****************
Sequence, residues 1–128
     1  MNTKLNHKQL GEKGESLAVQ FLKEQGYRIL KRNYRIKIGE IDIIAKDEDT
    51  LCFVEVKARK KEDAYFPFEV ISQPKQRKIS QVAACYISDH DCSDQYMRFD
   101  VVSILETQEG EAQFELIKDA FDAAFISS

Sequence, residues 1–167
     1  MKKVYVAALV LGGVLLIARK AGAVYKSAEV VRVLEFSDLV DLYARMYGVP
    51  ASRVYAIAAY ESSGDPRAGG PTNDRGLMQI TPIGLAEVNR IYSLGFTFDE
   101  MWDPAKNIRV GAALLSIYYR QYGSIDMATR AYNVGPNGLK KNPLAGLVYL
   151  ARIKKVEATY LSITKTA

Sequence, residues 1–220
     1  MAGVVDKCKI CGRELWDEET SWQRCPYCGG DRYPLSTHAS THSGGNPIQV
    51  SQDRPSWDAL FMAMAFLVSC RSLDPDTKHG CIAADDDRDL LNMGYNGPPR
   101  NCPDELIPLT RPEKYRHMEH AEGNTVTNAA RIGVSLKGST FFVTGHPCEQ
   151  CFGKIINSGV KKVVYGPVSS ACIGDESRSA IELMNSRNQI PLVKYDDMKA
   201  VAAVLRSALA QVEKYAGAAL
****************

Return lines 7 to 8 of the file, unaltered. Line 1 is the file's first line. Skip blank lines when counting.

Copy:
    51  ASRVYAIAAY ESSGDPRAGG PTNDRGLMQI TPIGLAEVNR IYSLGFTFDE
   101  MWDPAKNIRV GAALLSIYYR QYGSIDMATR AYNVGPNGLK KNPLAGLVYL